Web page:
Friday, April 23, 2010

Community Gardens and Urban Farming - Creative Solutions to Nagging Problems

For the past couple of years at Central Dallas Ministries, I, our CEO and President Larry James, Sonia White, who oversees CDM's food distribution and nutrition programs and what some would consider an improbable group: low-income community residents, young executives from Pepsico-Frito Lay, research physicians, community leaders, church leaders and other CDM staff have been engaged in conversations about the benefits of community gardens in urban centers.

It is a relatively new phenomenon, but one that is catching on across the country.

Our education outreach program at the Roseland Homes public housing development have started one. ARAMARK sent 100 volunteers to work with CDM a few weeks ago and one of their project was a community garden behind Central Dallas Church. Still other churches, non-profit organizations and organizations based in urban neighborhoods are starting to look at the importance of these gardens as an answer to the absence of grocery stores in their communities.

Will Allen, the 2008 winner of the MacArthur Fellows Award, is an agriculturalist, modeling for the entire country the benefits of this movement: access to healthy fruits and vegetables, practical education for youth and children, wholesome community engagement, economic developments and the mitigation, if not reversal in the prevalence of diseases in the urban centers due to high concentrations of fast food businesses and 'mom & pop' grocers and package stores that sell processed, fatty, fried foods.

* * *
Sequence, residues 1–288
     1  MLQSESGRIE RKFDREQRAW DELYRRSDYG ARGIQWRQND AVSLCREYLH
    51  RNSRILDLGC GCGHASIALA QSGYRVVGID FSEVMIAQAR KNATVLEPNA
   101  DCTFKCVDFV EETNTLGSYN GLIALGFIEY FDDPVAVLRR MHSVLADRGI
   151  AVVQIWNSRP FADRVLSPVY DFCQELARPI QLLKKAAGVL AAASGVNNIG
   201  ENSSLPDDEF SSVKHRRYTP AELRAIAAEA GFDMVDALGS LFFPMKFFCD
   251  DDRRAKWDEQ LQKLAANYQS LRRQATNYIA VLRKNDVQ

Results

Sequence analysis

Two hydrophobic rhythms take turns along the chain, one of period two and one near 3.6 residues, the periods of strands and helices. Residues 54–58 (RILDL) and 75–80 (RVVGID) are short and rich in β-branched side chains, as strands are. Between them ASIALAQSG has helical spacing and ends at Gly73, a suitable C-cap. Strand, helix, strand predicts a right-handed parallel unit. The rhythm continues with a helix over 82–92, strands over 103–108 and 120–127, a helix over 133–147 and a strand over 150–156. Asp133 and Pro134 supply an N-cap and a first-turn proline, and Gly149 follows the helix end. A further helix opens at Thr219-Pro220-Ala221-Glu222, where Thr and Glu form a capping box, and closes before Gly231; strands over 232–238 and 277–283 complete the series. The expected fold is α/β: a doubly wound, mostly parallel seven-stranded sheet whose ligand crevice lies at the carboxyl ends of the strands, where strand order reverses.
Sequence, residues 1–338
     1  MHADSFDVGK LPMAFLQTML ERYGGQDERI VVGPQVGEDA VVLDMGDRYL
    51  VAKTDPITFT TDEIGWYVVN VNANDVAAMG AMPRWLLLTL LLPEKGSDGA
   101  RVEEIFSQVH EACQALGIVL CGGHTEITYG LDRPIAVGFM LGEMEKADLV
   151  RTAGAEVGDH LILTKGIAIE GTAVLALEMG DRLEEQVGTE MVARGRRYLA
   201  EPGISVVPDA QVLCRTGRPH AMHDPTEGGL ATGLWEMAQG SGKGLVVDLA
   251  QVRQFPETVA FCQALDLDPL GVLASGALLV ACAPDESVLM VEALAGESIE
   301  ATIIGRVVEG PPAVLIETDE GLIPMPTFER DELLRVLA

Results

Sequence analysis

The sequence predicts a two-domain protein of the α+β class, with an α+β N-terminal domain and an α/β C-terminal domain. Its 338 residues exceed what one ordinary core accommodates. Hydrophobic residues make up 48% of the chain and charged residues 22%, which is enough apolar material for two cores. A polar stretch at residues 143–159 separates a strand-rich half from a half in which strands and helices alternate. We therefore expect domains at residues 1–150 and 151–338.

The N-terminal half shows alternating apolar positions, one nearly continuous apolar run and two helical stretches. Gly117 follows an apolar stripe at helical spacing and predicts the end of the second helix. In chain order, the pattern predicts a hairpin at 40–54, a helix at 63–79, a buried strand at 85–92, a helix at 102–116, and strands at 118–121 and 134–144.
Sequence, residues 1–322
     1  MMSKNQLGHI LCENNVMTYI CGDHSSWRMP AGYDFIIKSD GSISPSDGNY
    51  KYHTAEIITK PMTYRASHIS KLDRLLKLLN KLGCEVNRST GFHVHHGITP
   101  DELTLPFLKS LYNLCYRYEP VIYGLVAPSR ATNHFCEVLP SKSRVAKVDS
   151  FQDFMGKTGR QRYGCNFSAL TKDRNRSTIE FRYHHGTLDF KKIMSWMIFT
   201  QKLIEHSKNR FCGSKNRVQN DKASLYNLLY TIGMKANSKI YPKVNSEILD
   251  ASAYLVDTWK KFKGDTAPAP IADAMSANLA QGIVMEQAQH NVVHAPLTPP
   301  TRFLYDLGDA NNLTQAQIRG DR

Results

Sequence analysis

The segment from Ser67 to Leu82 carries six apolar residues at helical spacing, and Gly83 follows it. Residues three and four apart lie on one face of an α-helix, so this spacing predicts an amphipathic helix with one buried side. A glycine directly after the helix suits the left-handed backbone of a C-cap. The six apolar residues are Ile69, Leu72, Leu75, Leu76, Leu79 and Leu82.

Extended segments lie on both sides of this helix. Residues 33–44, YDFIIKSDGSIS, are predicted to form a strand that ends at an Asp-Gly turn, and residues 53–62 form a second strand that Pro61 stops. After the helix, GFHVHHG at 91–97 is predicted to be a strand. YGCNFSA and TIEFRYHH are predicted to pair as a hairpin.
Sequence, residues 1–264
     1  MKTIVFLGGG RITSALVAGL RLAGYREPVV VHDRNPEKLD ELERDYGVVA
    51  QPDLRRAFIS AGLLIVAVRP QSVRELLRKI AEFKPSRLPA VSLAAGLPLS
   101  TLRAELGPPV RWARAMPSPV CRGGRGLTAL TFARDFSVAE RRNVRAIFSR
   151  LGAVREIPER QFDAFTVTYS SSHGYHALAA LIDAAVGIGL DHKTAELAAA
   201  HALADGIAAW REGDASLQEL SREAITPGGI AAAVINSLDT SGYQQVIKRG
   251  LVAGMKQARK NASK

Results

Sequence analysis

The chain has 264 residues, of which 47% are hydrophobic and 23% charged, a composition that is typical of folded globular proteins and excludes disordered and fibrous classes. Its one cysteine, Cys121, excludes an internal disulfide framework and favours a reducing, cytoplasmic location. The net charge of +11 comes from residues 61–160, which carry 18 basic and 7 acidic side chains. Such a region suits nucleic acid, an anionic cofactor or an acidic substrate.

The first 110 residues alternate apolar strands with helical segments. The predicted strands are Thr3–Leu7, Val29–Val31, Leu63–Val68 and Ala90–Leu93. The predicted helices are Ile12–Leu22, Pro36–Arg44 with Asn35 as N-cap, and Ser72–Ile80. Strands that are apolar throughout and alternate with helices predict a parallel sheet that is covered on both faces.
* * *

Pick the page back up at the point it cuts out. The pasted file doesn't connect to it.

"Over the last decade, Allen has expanded Growing Power’s initiatives through partnerships with local organizations and activities such as the Farm-City Market Basket Program, which provides a weekly basket of fresh produce grown by members of the Rainbow Farmer’s Cooperative to low-income urban residents at a reduced cost. The internships and workshops hosted by Growing Power engage teenagers and young adults, often minorities and immigrants, in producing healthy foods for their communities and provide intensive, hands-on training to those interested in establishing similar farming initiatives in other urban settings. Through these and other programs still in development, Allen is experimenting with new and creative ways to improve the diet and health of the urban poor."

Read more about community gardens in urban centers here.


You can read my latest column in the Dallas Morning News here.

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